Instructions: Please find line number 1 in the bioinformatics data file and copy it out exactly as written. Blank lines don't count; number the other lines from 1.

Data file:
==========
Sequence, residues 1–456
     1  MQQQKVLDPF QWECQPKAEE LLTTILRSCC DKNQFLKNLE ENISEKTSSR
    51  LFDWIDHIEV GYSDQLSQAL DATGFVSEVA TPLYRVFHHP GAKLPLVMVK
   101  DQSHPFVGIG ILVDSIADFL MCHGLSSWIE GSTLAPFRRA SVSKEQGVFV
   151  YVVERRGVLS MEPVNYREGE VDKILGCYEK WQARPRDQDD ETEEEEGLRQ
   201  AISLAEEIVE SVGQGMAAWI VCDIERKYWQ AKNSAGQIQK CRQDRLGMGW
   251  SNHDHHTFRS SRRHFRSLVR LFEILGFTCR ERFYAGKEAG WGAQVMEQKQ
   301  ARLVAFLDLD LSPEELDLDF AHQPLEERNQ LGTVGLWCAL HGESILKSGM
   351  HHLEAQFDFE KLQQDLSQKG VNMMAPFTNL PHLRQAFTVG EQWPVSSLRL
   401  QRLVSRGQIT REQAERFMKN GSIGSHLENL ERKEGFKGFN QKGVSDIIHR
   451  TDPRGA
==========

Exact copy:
Sequence, residues 1–456